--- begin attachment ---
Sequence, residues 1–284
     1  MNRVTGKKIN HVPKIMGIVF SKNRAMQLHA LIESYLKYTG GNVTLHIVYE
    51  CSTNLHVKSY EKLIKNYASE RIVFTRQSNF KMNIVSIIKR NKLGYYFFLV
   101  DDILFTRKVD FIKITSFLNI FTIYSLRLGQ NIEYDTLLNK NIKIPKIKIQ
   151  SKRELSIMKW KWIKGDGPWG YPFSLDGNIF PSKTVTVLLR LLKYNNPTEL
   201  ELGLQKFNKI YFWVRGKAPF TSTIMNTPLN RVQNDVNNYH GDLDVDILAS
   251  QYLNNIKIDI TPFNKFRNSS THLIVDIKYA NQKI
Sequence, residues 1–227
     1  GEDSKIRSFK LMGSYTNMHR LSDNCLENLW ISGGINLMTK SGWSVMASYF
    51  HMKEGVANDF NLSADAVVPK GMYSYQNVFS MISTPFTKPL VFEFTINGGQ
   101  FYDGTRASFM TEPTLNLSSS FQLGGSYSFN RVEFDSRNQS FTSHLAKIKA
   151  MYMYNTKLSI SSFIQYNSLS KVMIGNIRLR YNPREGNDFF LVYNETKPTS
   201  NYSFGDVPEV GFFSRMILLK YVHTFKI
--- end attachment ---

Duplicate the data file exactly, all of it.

Sequence, residues 1–284
     1  MNRVTGKKIN HVPKIMGIVF SKNRAMQLHA LIESYLKYTG GNVTLHIVYE
    51  CSTNLHVKSY EKLIKNYASE RIVFTRQSNF KMNIVSIIKR NKLGYYFFLV
   101  DDILFTRKVD FIKITSFLNI FTIYSLRLGQ NIEYDTLLNK NIKIPKIKIQ
   151  SKRELSIMKW KWIKGDGPWG YPFSLDGNIF PSKTVTVLLR LLKYNNPTEL
   201  ELGLQKFNKI YFWVRGKAPF TSTIMNTPLN RVQNDVNNYH GDLDVDILAS
   251  QYLNNIKIDI TPFNKFRNSS THLIVDIKYA NQKI
Sequence, residues 1–227
     1  GEDSKIRSFK LMGSYTNMHR LSDNCLENLW ISGGINLMTK SGWSVMASYF
    51  HMKEGVANDF NLSADAVVPK GMYSYQNVFS MISTPFTKPL VFEFTINGGQ
   101  FYDGTRASFM TEPTLNLSSS FQLGGSYSFN RVEFDSRNQS FTSHLAKIKA
   151  MYMYNTKLSI SSFIQYNSLS KVMIGNIRLR YNPREGNDFF LVYNETKPTS
   201  NYSFGDVPEV GFFSRMILLK YVHTFKI